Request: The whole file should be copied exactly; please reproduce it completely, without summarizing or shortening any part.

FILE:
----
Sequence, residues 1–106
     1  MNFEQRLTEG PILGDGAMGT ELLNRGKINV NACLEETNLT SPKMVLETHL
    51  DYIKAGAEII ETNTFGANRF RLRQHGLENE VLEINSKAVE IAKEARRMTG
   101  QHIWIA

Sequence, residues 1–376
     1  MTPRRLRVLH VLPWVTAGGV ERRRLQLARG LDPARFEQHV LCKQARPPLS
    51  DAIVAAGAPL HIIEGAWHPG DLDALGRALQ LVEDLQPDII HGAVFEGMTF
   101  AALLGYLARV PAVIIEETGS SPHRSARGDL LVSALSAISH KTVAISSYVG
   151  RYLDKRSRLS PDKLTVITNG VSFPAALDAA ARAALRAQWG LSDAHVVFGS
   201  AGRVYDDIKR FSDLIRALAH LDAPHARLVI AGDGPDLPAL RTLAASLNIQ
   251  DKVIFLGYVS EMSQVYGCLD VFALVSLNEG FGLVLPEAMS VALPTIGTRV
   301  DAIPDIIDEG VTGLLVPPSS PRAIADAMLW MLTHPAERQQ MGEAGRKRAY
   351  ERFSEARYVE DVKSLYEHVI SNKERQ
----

Sequence, residues 1–106
     1  MNFEQRLTEG PILGDGAMGT ELLNRGKINV NACLEETNLT SPKMVLETHL
    51  DYIKAGAEII ETNTFGANRF RLRQHGLENE VLEINSKAVE IAKEARRMTG
   101  QHIWIA

Sequence, residues 1–376
     1  MTPRRLRVLH VLPWVTAGGV ERRRLQLARG LDPARFEQHV LCKQARPPLS
    51  DAIVAAGAPL HIIEGAWHPG DLDALGRALQ LVEDLQPDII HGAVFEGMTF
   101  AALLGYLARV PAVIIEETGS SPHRSARGDL LVSALSAISH KTVAISSYVG
   151  RYLDKRSRLS PDKLTVITNG VSFPAALDAA ARAALRAQWG LSDAHVVFGS
   201  AGRVYDDIKR FSDLIRALAH LDAPHARLVI AGDGPDLPAL RTLAASLNIQ
   251  DKVIFLGYVS EMSQVYGCLD VFALVSLNEG FGLVLPEAMS VALPTIGTRV
   301  DAIPDIIDEG VTGLLVPPSS PRAIADAMLW MLTHPAERQQ MGEAGRKRAY
   351  ERFSEARYVE DVKSLYEHVI SNKERQ